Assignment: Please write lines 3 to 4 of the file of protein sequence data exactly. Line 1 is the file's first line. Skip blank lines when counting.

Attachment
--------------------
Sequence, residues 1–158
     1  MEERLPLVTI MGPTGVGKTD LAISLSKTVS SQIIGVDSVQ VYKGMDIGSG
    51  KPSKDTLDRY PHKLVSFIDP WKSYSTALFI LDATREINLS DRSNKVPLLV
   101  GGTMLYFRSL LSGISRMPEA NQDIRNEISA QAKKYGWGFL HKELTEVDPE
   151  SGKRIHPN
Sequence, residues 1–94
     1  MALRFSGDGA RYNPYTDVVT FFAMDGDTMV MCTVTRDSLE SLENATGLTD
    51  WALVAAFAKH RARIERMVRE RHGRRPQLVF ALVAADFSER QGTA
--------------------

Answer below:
    51  KPSKDTLDRY PHKLVSFIDP WKSYSTALFI LDATREINLS DRSNKVPLLV
   101  GGTMLYFRSL LSGISRMPEA NQDIRNEISA QAKKYGWGFL HKELTEVDPE